Capitalism and socialism are economic systems that countries use to manage their economic resources and regulate the means of production.

In the United States, capitalism has always been the prevailing system. Communist countries, like China, North Korea, and Cuba tend towards socialism, while Western European countries favor capitalist economies and try to chart a middle course. But, even at their extremes, both systems have their pros and cons.

Capitalism and the Invisible Hand

In capitalist economies, governments play a minimal role in deciding what to produce, how much to produce, and when to produce it, leaving the cost of goods and services to market forces. When entrepreneurs spot openings in the marketplace, they rush in to fill the vacuum.

In his seminal work, “An Inquiry into the Nature and Causes of the Wealth of Nations,” economist Adam Smith described the ways in which people are motivated to act in their own self-interest. This tendency serves as the basis for capitalism, with the invisible hand of the market serving as the balance between competing tendencies. Because markets distribute the factors of production (land, labor, capital and entrepreneurship) in accord with supply and demand, the government can limit itself to enacting and enforcing rules of fair play. 

Socialism and Centralized Planning

In socialist economies, important economic decisions are not left to the markets, or decided by self-interested individuals. Instead, the government—which owns or controls much of the economy’s resources—decides the whats, whens and hows of production. This approach is also called “centralized planning.”

Socialism is influenced by the theories of Frederick Engels and Karl Marx, and by their 1848 treatise, “The Communist Manifesto.” But socialism is more permissive than pure Communism, which makes no allowances for private property.

Capitalism Provides More Incentives

In capitalist economies, people have strong incentives to work hard, increase efficiency and produce superior products. By rewarding ingenuity and innovation, the market maximizes economic growth and individual prosperity while providing a variety of goods for consumers. By encouraging the production of desirable goods and discouraging the production of unwanted or unnecessary ones, the marketplace self-regulates, leaving less room for government interference and mismanagement.

Markets Are Not Infallible

Because market mechanisms are mechanical, rather than normative, and agnostic in regards to social effects, there are no guarantees that each person's basic needs will be met. Markets also create cycles of boom and bust and, in an imperfect world, allow for “crony capitalism,” monopolies and other means of cheating or manipulating the system.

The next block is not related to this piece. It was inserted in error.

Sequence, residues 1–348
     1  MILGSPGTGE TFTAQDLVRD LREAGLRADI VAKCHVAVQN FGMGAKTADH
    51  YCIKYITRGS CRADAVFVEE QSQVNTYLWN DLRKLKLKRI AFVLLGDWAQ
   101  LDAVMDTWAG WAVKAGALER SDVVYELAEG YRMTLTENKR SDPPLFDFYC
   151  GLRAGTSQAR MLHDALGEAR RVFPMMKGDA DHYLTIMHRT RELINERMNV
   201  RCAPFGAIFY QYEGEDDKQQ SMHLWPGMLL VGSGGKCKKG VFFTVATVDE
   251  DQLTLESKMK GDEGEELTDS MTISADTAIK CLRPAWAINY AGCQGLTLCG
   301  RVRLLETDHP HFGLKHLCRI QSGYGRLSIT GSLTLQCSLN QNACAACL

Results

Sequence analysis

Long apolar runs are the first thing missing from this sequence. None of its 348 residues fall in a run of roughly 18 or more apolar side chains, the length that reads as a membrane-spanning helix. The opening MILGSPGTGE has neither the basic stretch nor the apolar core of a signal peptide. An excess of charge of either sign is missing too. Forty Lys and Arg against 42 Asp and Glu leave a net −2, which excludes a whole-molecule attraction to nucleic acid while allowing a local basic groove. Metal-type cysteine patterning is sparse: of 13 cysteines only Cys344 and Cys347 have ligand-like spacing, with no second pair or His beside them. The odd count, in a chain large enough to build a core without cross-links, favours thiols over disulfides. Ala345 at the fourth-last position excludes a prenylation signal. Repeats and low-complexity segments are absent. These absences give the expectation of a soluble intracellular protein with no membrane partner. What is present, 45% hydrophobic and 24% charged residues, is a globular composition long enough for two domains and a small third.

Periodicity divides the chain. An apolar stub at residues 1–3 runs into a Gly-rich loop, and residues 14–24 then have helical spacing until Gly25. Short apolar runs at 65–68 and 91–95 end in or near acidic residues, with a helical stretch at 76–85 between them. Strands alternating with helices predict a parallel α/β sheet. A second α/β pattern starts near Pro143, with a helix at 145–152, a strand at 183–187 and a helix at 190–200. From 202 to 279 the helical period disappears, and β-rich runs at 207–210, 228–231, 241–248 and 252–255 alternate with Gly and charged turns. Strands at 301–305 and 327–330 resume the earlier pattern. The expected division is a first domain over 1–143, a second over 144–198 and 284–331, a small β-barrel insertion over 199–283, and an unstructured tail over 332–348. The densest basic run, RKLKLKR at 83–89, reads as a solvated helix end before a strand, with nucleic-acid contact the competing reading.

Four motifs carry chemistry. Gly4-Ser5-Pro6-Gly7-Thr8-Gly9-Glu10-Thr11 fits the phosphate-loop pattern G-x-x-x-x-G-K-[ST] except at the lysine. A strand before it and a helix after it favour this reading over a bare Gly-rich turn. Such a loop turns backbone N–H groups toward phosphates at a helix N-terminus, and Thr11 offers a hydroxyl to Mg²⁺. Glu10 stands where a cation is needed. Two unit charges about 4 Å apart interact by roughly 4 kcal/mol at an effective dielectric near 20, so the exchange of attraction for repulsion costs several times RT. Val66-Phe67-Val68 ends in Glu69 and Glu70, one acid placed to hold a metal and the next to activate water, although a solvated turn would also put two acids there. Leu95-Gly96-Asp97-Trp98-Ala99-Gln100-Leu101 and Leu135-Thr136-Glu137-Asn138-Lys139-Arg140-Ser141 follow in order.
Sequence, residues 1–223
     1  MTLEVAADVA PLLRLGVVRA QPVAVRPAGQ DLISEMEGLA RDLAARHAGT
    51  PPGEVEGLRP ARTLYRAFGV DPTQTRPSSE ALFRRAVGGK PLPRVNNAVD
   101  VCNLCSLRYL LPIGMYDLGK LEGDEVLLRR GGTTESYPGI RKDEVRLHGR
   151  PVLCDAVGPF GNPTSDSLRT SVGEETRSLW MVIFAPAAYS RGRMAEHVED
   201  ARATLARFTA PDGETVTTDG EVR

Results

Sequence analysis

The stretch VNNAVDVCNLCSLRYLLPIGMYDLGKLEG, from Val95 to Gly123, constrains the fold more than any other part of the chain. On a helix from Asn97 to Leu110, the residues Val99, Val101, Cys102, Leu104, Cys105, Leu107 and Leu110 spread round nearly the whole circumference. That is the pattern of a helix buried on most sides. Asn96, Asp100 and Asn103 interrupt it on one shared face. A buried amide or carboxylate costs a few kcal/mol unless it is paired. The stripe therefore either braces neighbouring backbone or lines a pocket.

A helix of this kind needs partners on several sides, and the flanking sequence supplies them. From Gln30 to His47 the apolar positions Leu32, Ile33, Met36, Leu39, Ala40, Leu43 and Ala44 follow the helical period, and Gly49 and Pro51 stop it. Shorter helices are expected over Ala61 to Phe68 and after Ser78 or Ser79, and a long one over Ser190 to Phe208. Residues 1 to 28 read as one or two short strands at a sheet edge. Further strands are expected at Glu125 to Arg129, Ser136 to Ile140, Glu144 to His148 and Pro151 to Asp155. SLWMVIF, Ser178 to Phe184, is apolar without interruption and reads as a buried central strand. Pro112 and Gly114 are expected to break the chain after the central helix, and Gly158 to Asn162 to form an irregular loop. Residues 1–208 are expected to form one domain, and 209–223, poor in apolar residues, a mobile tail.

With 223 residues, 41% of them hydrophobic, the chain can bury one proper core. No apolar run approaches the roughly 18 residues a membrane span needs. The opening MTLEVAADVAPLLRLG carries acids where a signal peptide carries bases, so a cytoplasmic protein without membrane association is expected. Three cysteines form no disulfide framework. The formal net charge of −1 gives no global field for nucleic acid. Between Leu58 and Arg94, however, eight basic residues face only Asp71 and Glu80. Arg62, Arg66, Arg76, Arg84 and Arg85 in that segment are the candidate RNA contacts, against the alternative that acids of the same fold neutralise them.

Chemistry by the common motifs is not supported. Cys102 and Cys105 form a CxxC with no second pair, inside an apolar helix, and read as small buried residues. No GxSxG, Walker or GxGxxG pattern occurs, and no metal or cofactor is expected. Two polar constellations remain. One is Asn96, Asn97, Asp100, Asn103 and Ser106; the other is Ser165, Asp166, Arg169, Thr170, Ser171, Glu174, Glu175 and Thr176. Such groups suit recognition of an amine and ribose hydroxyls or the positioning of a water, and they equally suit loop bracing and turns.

Under Socialism Basic Needs Are Met

A socialist system’s primary benefit is that the people living under it are given a social safety net. In theory, economic inequity is reduced. So is economic insecurity. Basic necessities are provided for. Government itself can produce the goods people require to meet their needs, even if the production of those goods does not result in a profit. Under socialism, there’s more room for value judgments, with less attention paid to calculations involving profit and nothing but profit. 

Socialist economies can also be also more efficient, in the sense that there’s less of a need to sell goods to consumers who might not need them, resulting in less money spent on product promotion and marketing efforts.

But with Fewer Incentives

Socialism sounds more compassionate, but it does have its shortcomings. One disadvantage is that people have less to strive for, and feel less connected to the fruits of their efforts. With their basic needs already provided for, they have fewer incentives to innovate and increase efficiency. As a result, the engines of economic growth are weaker.

Another strike against socialism? Government planners and planning mechanisms are not infallible, or incorruptible. In some socialist economies there are shortfalls of even the most essential goods. Because there’s no free market to ease adjustments, the system may not regulate itself as quickly, or as well.

Equality is another concern. In theory, everyone is equal under socialism. In practice, hierarchies do emerge, and party officials and well-connected individuals find themselves in better positions to receive favored goods.

The Bottom Line

Capitalism and socialism are so different, as systems go, that they’re often seen as diametrically opposed. Capitalism is based on individual initiative and favors market mechanisms over government intervention. Socialism is based on government planning and limitations on private control of resources. But, left to themselves, economies tend to combine elements of both systems: Capitalism has developed its safety nets (which are even more pronounced in the European Union), while countries like China and Viet Nam seem to be edging towards full-fledged market economies.